Among his other obsessions — cocaine, murder, June Carter — Johnny Cash had a real thing for trains.
The Man in Black collected train memorabilia, a love that culminated in 1979, when he was given Madison’s dilapidated Amqui Station. And by given, of course, we mean Cash literally took the old train depot to his spread in Hendersonville, where he rehabilitated it and filled it with his rail-ridin’ goodies.
But when Cash died in 2003, Halo Properties, a Hendersonville development company, bought the depot and donated it back to Madison. The actual structure was returned to a site near the original, and the nonprofit civic enrichment group Discover Madison set about a major restoration and improvement project that was unveiled to the public earlier this month.
The renovated depot — once a stop 40 to 50 times a day for trains running along the Louisville & Nashville Railroad, a 187-mile connector that opened in 1859 and has basically run ever since — is a clever mix of past and future. While workers were careful to preserve historical details, they also introduced a number of forward-thinking “green” elements (consider the age-appropriate window frames, for example, with the double-paned glass inside them).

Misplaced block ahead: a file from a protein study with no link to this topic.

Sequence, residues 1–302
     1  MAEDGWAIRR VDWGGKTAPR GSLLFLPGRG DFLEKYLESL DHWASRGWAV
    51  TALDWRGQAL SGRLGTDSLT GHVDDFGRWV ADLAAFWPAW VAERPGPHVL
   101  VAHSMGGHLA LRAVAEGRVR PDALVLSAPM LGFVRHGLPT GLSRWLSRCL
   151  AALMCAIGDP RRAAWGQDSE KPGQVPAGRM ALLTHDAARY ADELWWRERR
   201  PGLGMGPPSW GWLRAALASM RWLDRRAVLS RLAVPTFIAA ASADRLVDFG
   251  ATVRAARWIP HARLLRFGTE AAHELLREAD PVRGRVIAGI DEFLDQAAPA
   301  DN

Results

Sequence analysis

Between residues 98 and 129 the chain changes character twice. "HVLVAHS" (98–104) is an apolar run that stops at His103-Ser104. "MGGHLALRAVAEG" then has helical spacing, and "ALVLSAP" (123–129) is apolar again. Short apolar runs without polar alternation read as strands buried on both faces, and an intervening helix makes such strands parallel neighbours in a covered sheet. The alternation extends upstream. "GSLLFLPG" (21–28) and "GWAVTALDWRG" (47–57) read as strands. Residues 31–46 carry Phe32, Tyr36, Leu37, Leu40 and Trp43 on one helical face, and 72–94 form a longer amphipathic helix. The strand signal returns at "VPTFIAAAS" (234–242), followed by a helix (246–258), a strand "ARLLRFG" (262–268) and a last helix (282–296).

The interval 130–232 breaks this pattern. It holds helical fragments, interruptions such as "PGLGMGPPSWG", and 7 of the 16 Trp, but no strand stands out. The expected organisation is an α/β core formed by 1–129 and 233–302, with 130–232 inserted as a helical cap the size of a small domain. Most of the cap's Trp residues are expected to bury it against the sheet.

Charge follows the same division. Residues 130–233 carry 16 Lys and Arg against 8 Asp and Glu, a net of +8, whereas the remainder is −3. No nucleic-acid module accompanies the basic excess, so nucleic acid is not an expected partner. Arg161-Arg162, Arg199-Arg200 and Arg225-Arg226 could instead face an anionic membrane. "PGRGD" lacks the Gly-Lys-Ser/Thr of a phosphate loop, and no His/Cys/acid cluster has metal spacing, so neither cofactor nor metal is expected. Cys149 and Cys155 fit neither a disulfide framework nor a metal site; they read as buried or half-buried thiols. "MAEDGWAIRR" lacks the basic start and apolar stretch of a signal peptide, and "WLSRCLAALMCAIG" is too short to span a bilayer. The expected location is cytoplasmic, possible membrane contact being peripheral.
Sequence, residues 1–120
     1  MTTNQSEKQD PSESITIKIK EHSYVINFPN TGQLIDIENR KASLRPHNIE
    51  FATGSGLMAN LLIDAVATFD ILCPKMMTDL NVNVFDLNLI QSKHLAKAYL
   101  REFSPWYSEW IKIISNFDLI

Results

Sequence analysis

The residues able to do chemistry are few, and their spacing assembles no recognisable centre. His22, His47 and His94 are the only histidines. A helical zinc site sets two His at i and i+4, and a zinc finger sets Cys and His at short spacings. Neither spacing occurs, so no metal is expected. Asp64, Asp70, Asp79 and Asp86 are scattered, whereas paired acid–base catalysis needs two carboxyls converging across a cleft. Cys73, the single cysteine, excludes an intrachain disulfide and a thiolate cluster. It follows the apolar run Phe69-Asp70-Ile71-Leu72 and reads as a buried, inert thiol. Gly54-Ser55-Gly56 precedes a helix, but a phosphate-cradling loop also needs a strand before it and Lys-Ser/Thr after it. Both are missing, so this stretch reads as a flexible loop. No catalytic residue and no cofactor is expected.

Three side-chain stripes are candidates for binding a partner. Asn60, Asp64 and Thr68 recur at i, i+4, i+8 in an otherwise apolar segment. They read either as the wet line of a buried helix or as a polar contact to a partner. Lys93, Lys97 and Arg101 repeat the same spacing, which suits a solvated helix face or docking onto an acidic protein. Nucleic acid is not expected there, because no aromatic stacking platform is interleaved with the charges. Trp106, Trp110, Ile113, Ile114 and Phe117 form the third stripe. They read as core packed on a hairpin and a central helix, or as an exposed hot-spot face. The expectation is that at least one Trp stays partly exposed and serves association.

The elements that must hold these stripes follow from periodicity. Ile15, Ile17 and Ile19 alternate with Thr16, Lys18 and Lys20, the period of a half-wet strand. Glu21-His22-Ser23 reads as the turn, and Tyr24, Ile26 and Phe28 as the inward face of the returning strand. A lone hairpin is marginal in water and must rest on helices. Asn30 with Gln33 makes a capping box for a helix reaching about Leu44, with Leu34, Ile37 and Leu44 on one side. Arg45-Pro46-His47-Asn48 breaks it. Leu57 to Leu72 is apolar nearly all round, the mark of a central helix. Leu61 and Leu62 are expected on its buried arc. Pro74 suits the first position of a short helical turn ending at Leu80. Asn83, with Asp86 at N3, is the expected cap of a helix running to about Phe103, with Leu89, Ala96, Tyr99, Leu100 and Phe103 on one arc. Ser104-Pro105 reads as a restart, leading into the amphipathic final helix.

“First of all, it’s environmentally friendly,” Nathan Massey, president of Discover Madison and an electrical contractor who did much of the work on the depot, said. “It lowers our cost of operation.”
In fact, Massey said, installing a geothermal heating and cooling system, energy-saving windows and a computer system to control the lighting wound up costing the same as if they’d taken a more traditional route.
Massey said he hopes the revitalization will spark interest among residents and other local developers in “green” technologies. As well, he said, Discover Madison expects the depot to foster some renewed community among residents — they’ve already held a bluegrass concert there, and a public breakfast and writers’ night are on the calendar.
The nonprofit is operating the depot as a museum and visitors center; along with the history, there’ll be a nod to Mr. Cash.